Flexible Automation Systems - Midwest Engineered Systems

Flexible automation systems are highly-adaptable systems with computer input and controls. Commands are created and entered by human operators using computer code or through other Human Machine Interfaces (HMIs). These computer instructions are high-level, starting low-level changes automatically and identifying various automation processes and their system locations. In flexible automation systems, multiple machine tools can be connected to a sophisticated material-handling system typically through robotic automation. Each aspect of the production and material-handling system is controlled from a central computer system.

large robot heavy positionerIn the flexible automation system process, computers controlled by human operators issue instructions to machine tools. These computer-generated instructions begin processes of loading and unloading the machine tools that are necessary for performing the processes necessary to manufacture the desired parts. After the production automation system finishes its final manufacturing stage, the resulting products are moved to the next machine in the sequence automatically.

Flexible automation systems are capable of processing multiple product types at the same time. During any production run, each of the system’s machines could potentially be processing a different product or part type. As system requirements and demands change, the flexible automation system has the adaptability to handle them. This factory automation system can manage changes to production schedules, demand patterns and product mix changes. So long as a newly introduced product style fits within the kinds of products that a flexible automation system is configured to process, new part versions could easily be introduced into the production system.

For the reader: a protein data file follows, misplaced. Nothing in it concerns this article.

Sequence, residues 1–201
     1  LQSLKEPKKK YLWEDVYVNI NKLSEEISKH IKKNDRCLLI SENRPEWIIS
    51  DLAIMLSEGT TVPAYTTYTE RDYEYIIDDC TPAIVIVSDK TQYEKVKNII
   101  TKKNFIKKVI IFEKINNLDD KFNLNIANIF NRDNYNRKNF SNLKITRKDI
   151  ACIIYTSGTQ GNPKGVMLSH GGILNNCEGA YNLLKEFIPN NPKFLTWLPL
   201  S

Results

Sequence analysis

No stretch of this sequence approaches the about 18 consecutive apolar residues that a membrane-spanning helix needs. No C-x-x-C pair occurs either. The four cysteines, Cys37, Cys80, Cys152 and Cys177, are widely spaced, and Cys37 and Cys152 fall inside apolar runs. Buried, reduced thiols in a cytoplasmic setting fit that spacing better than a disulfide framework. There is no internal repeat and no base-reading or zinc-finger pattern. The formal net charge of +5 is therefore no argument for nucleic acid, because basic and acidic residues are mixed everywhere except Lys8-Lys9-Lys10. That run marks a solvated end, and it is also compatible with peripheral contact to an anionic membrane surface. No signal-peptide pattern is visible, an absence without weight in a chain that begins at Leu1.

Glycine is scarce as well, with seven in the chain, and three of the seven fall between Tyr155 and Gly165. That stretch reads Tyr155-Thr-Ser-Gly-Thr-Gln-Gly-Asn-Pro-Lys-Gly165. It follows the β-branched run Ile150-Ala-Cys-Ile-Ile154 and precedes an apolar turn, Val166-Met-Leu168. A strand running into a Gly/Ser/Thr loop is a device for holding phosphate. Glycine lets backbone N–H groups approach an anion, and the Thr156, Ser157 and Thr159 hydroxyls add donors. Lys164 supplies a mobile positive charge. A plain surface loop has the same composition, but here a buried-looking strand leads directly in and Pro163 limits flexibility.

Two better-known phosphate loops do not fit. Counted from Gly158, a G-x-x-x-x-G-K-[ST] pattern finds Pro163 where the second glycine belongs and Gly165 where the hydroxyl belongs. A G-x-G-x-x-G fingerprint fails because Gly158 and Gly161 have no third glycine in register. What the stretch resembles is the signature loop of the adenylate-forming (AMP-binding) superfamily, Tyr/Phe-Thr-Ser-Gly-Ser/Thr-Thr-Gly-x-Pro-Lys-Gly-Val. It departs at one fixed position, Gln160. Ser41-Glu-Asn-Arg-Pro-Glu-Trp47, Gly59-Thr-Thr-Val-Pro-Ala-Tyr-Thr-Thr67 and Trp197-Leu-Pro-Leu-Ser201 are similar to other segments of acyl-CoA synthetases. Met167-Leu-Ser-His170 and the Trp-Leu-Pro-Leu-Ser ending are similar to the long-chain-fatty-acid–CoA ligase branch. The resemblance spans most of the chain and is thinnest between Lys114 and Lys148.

abb robot transformer welding system with positionerFlexible automation systems are the ideal system for batch processes and shops that have low-to-medium production level needs and high product-variety needs. Systems that will likely have changes in demand and have production needs less than high-volume will be a great fit for flexible automation systems.

Flexible automation systems typically have the following components:

  • Part processing machines: Computer-numerical-control (CNC) machine tools are used to carry out some portion of the machining processes. Inspection stations and other automated workstations may be used in conjunction with these processing machines.
  • Material-handling system: Conveyor systems or other systems that can move parts in production to any machine in the flexible automation system. Robotic automation is typically used to load and unload production machines from these material handling systems.
  • Central computer control system: Communicates part routing information and timing to machines in the material-handling system as well as coordinating each part processing machines’ operations
  • Human labor: The flexible style of automation system has an inherently high level of automation in its processes. However, people are still necessary for several important steps in the system. They are necessary for the overall management of the system, the repair and the maintenance of the production equipment, the tool change procedures and sometimes for the loading and unloading of parts.

Contact Midwest Engineered Systems to learn how we can analyze your current production systems and develop a flexible automation system that increases productivity and efficiency!